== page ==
Meanwhile, federations representing Dalits, tribals, and other backward classes (OBC) have demanded that the findings of the caste census be made public. They allege that certain leaders from dominant communities within the government are blocking the report’s release. They argue that sharing the report’s findings would provide clarity on caste-wise population distribution, and educational, social, and economic status, potentially ending disputes over these issues.

“We’re not insisting on implementing the report. But the government must first receive it and lay it in the assembly for a discussion,” Yennegere Venkaramaiah, convener of the Backward Castes Federation, told media.

KM Ramachandrappa, a representative of the marginalised communities’ federation, has said leaders from dominant communities from within the government are obstructing the report’s release by . He added that support from marginalized communities played a pivotal role in bringing the Congress government to power.

“The control of power and wealth is currently concentrated within the hands of two dominant communities. This is a significant factor behind their opposition to the report. Once the report is made accessible to the public, it will offer a comprehensive overview of the state’s caste-wise population distribution,” he said.

The groundwork for the caste census was laid during Siddaramaiah’s initial term as chief minister when the state undertook an extensive 2015 survey costing 162 crore. The data was collected from 10.6 million households in Karnataka, involving a workforce of 160,000 personnel who visited homes across the state. Despite Siddaramaiah’s announcement to accept the report in June, its contents and the released date have remained undisclosed.

Leaked figures from the report in 2018 had stirred discontent among larger communities like Lingayats and Vokkaligas, as it indicated lower population figures than commonly believed. It’s suggested that the government delayed releasing the report after the leaks, potentially influenced by the approaching 2018 assembly elections.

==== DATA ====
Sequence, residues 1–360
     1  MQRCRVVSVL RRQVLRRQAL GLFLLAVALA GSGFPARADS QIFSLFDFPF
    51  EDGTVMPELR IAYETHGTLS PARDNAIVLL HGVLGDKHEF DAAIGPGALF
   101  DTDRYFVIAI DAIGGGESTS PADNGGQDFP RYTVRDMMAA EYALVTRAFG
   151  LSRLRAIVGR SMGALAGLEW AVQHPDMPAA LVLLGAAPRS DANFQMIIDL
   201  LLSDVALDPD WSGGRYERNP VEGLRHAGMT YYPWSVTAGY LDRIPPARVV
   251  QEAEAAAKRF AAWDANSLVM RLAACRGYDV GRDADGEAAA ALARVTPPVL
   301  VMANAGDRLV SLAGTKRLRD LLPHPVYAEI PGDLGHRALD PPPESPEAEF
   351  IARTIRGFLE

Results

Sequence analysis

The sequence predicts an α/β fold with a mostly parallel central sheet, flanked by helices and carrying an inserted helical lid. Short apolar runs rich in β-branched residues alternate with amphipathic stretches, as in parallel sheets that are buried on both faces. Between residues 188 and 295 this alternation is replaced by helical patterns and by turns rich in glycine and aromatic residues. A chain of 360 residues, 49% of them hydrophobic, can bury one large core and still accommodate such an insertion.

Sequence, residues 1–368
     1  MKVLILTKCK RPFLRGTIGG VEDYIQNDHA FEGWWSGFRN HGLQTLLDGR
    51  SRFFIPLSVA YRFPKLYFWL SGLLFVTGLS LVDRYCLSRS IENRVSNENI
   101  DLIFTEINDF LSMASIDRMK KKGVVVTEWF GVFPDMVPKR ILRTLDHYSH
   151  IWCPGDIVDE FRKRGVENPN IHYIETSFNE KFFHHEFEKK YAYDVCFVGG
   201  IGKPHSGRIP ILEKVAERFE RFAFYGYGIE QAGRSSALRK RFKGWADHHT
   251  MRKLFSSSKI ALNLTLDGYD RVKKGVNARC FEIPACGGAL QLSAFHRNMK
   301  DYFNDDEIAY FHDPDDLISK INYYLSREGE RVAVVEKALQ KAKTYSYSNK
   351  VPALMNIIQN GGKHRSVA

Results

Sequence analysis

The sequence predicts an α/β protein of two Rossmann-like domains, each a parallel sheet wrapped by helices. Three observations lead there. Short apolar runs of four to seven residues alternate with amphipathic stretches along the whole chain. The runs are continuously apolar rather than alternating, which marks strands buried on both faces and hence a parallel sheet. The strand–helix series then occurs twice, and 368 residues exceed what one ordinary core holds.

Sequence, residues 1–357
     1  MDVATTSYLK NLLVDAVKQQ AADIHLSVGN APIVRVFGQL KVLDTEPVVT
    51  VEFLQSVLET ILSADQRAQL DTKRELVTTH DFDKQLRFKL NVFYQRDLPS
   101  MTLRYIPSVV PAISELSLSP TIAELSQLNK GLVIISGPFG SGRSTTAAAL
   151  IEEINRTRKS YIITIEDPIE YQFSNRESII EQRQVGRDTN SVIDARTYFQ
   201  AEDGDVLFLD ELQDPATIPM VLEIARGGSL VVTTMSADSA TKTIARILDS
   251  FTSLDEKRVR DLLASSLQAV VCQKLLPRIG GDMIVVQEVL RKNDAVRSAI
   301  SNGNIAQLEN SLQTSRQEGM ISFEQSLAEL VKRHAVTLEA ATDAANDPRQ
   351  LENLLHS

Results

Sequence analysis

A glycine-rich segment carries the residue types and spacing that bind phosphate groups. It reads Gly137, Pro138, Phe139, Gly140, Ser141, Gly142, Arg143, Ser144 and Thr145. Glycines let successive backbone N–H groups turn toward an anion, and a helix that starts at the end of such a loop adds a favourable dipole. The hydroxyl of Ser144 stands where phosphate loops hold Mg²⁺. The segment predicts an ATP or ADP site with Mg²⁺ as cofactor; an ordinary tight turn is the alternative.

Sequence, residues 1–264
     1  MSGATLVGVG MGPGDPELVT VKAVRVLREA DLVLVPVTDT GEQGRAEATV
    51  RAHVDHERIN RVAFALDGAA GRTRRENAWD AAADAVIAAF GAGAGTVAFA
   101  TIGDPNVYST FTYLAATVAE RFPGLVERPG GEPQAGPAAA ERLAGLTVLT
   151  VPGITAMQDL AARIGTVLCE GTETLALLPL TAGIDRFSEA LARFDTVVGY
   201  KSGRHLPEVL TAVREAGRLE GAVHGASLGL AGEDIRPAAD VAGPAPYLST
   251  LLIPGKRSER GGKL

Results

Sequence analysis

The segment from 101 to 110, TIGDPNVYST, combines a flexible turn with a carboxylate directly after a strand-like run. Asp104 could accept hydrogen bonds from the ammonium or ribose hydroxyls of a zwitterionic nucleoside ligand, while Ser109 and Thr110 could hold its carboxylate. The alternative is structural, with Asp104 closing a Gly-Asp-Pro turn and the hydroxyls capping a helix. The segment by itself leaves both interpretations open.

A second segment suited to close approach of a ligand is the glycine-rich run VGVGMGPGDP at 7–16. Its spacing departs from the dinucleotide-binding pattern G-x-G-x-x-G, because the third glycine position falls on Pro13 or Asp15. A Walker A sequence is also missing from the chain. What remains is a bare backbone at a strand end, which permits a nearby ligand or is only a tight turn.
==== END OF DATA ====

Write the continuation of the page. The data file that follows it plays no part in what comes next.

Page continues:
The leaked data indicated that Scheduled Castes (SCs) accounted for 19.5% of the state’s total population, followed by Muslims at 16%. Lingayats and Vokkaligas represented 14% and 11% of the population, respectively. Within the Other Backward Classes (OBCs), the Kuruba community alone comprised 7% of Karnataka’s population, contributing to the OBCs’ overall representation of 20% in the state.

Collectively, these groups, including SCs, STs, Muslims, and Kurubas, formed a substantial portion of the population at 47.5%. The political implications of these findings could significantly impact the state’s political landscape, according to federations of marginalised sections.

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  • ABOUT THE AUTHOR
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    Arun Dev is an Assistant Editor with the Karnataka bureau of Hindustan Times. A journalist for over 10 years, he has written extensively on crime and politics.